There's the reality we live in, that we are very aware of, where people fight, swear, ****, and get high.
But in our films, when people fight, all but one fly and fall. When they swear, they use lame euphemisms which wouldn't even offend your grandma. When they ****... uh, no, people don't **** in Telugu films - they just stare at the item girl's cleavage. And when they get high, it's on alcohol. Because ganja is the preserve of baddies - you know, the sort that record the police commissioner's daughter having sex.
The thing with Arjun Reddy is it/he hasn't got time for this bullshit. Reddy fights Amit by pinning him down and landing calculated punches on the face. The blood is little but you'll end up worrying for Amit. Reddy swears, and if you can't hear him say "Em maatladuthunnav ra, **********" (as the censor board would have it), you'll hear the crowd in your hall cry out loud filling in the blanks for him. Reddy, ****s, of course. He ****s and he also ****s around till he gets too ****ed up. If he can't find a ***** to ****, he'll just dunk ice in his pants. And he's high. High as a ****ing bird.
When you piece these things together you figure out the wafer-thin ordinary plot of a hot-headed college youth (a thrillingly casual Vijay Sai Devarakonda) falling hard for a junior (a cute but wholly replaceable Shalini Pandey), and later, when separated, losing himself to drugs, booze and sex till it's time to wind up the film one way or the other.
However, we also gather that this isn't the film of a guy whose career plan is to churn out a template hit, chum up with a couple of stars, settle as some big household's "aasthana darsakudu", and fondly stare at his excel sheet of retirement benefits. Sandeep Reddy Vanga makes a tremendously personal and, hallelujah, a ballsy authentic film.
The chap's clearly studied in a medical college in Karnataka. He's lived this life or at least witnessed it from really close quarters. He digs deep into this experience to write scenes that feel like they organically came into being. And it isn't even just about the writing. It's not like you hand this script over to some other director and he'll come up with anything close to this film. Reddy's direction, his choice of shots (superbly composed with Raju Thota) and his use of score (both the original score by Radhan and existing pieces in Kannada - or Tulu, maybe - Telugu, Hindi and English) all come from a personal depth that hired talent can't justifiably replicate.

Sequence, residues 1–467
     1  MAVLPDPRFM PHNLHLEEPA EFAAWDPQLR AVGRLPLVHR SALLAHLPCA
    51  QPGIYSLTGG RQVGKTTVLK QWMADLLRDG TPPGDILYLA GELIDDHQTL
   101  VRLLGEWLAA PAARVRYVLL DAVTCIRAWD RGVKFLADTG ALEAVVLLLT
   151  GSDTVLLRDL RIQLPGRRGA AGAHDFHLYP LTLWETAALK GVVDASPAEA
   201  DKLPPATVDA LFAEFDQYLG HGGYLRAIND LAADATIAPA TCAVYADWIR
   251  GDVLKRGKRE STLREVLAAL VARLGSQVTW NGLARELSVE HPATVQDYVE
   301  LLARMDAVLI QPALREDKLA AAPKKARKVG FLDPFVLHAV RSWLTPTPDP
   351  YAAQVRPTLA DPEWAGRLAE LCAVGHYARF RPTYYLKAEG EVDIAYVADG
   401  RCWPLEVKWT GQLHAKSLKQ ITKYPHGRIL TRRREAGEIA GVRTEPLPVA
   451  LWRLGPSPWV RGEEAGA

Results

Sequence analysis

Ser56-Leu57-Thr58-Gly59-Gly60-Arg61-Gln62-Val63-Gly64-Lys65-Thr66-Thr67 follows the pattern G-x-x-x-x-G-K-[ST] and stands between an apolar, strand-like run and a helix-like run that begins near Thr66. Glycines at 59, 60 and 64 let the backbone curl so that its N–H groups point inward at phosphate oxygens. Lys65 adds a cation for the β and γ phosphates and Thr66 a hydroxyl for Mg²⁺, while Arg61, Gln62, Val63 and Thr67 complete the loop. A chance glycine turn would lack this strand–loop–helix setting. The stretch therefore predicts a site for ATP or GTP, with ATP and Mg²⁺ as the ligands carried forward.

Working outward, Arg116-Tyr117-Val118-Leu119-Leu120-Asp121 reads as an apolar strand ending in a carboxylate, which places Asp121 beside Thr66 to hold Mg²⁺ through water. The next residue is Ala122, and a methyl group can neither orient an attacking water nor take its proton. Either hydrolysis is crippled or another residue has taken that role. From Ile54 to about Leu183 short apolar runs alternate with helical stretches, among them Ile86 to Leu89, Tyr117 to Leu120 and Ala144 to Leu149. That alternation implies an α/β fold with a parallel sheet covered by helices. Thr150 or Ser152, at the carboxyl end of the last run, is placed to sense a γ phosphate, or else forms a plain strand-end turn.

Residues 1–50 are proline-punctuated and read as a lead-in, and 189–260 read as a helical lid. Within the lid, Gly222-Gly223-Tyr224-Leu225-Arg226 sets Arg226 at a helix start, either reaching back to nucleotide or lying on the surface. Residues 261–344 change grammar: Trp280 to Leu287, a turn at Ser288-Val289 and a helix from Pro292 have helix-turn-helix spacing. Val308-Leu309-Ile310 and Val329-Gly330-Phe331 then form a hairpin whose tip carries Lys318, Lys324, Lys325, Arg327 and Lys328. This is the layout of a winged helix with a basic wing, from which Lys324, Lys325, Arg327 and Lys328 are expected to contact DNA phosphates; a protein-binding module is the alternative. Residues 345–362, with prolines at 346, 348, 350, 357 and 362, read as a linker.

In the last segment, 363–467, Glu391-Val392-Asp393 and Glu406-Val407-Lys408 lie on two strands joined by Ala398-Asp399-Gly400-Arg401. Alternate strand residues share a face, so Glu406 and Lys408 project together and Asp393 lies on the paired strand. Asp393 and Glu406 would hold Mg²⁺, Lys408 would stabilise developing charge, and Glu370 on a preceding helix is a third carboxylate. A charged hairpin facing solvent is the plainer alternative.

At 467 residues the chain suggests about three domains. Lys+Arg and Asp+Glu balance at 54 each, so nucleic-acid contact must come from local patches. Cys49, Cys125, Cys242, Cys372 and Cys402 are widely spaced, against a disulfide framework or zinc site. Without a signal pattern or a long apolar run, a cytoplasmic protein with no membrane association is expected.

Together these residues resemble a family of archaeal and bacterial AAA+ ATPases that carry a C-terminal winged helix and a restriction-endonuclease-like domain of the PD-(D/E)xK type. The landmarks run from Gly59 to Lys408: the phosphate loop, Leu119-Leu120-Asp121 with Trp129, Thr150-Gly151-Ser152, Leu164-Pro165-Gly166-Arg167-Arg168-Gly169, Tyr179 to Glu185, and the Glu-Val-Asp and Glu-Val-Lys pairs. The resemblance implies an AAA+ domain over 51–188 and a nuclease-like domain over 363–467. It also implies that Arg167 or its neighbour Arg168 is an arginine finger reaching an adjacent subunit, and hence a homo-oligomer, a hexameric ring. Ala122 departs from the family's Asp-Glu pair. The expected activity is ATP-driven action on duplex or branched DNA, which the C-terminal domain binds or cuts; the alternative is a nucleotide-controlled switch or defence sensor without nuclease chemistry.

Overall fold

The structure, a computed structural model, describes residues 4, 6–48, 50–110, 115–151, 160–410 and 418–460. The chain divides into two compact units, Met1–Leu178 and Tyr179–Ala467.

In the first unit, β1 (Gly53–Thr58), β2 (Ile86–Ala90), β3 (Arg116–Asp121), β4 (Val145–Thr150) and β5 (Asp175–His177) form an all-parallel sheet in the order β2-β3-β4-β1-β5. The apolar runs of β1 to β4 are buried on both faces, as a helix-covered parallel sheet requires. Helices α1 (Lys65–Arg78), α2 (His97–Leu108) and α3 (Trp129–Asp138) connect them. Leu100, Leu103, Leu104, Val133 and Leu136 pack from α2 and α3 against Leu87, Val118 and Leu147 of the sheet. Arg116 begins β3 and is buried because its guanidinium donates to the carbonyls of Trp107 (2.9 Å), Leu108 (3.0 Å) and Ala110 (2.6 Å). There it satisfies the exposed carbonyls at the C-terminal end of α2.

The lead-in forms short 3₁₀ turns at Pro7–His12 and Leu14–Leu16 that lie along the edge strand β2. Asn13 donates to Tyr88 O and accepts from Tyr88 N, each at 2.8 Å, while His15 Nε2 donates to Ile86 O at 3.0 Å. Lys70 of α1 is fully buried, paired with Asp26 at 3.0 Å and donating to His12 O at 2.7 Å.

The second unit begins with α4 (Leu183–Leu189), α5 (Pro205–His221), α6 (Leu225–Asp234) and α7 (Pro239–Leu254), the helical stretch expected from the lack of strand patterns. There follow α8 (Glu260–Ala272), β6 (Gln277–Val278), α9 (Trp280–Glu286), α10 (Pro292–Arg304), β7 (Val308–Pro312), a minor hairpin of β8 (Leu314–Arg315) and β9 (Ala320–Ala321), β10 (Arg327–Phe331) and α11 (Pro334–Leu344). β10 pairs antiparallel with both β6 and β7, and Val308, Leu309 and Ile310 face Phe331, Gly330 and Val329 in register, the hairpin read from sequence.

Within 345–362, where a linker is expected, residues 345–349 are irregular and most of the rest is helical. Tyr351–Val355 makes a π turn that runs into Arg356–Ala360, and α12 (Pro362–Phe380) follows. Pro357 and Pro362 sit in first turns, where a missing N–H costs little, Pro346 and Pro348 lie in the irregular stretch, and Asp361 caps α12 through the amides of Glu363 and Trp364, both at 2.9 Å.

You get to douse in the lushness of the West Coast and the Arabian Sea because Sandeep Reddy had, too. You get to revel in the joy that is Rahul Ramakrishna's performance (as Arjun Reddy's best friend Shiva) because Sandeep Reddy understands his Telangana youth. You get to believe in your protagonist's surgical skills because Sandeep Reddy knows his medicine and, importantly, the people that doctors are. It's a world he creates, his world, that you can't help but accept (and likely enjoy). Which is why the term "Intellectual Property" is not enough to cover the creative work on hand. Sandeep Reddy owns his script and his film so intimately that it becomes his emotional property.
There's the reality we live in, that we are very aware of, where people love, struggle, and come to terms with life.
But in Arjun Reddy, when he loves, the girl hands herself to him on a platter. When he struggles, it's because he refuses to move on. When he comes to terms with life, it's because the solution to his problems is handed out to him, once again, on a platter. The convenience and contrivance of it is a tad unbelievable.
The thing with Arjun Reddy is his/its problems and solutions are unrelatable bulls**t. He loves in this brashly bratty manner which can quickly lead to harrassment charges if tried in real life (yes, even if you have the most confoundingly amazing attitude like Arjun Reddy's). His struggling is basically just wallowing in self-pity and intoxicating himself to glory. The guy, very much like Dev D
, has a loving family - oh, f**k that, he has a wealthy Reddy dad. To come to terms with life, he takes off to Europe for a holiday. Bro, people here in the ordinary world get their ***es ****ed to eke out a living for a month. People don't have the luxury to kill their careers for some girl who dumped them. And those that come to terms with it grit it out. They don't simply get lucky.
But yeah, who gives a **** when you have a film - a Telugu film(!)- which you can watch over and over and still find so much to appreciate? By the time you get done with the soccer scene you've already got thrice your ticket's worth. Who cares about a little - umm, okay, copious amounts of - masturbation?